I've upped my mileage to the most I've ever done (I like long runs), but I've been including a couple tempo sections that seem to help make me faster (fastest APFT since running with the 10-Miler team in 2002). Since I have no troops any more, I use "courses" in MapMyRun that allow me to virtually race myself and others. It's really motivating, even when something hurts or I'm tired.
Of course, intervals and short tempo runs work, too!
How much of the long run do you do those tempo sections for? I can see that definitely helping, I've just never really tried doing that before.
For PT with my guys I'm definitely going to start doing some intervals and tempo runs, but really just any kind of running at all will probably help them out. There seems to be a bit of an institutional dislike of running that I hope I can help change.
Well, it depends on how I feel. That's a good question - I'm not really sure what "right" looks like here, I've just figured that any fast running is better than none.
5.65 mile route - .7 mile flat, immediately followed by .5 mile hill climb. Often push the final mile+ in to finish. So between 1.2 and 3 miles total.
8.8 mile route - .6 mile flat, immediately followed by that same .5 mile hill climb, final push in. Sometimes I try to also do a 2 mile section early on, but that requires that I feel pretty good. Between 1.2 and 5 miles total.
When I run from the Pentagon around the Washington Monument and back (7.1 miles), it can get pretty interesting. There are tempo sections from mile 2 to finish...actually, pretty much along the whole thing if I feel like it, so sometimes this gets intense. I usually tempo at least half this route.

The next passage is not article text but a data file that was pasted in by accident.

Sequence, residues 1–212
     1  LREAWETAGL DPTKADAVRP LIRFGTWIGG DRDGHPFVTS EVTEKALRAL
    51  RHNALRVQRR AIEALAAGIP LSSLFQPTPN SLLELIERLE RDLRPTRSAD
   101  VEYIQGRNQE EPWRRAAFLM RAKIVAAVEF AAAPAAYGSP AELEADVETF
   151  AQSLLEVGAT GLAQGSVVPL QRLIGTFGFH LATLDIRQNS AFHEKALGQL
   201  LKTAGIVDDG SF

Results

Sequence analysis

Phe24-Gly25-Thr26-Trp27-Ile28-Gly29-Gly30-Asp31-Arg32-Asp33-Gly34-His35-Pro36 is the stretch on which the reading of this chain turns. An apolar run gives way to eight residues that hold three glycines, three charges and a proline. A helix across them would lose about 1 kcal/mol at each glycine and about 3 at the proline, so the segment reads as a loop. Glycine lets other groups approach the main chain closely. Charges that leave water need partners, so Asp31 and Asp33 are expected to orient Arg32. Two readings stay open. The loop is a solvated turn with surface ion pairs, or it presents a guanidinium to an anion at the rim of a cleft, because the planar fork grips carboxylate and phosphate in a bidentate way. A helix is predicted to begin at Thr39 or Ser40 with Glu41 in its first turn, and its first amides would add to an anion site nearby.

When I feel really froggy, I go after a PR on the route. I still kick on the tempo sections, but I try to push across the whole thing.
Since I run these 3 routes fairly regularly, it's easy to just kick the short bits if I'm hurting, or push the whole thing if I'm feeling good. I also have a sprint map drafted of the last park before returning to the Pentagon, so I use that for speed work at the end of a run when I'm feeling unmotivated and know I haven't really pushed myself.
I hear you on the institutional dislike of running. I highly recommend orienteering for PT...just take the local post map and create a score-O style race that sends people to various locations where they have to answer a question (Who is the CSM for this BN?). Put more locations out there than they can do in an hour, make teams and provide an incentive for the highest score, and perhaps they'll find they outrun their dislike of running!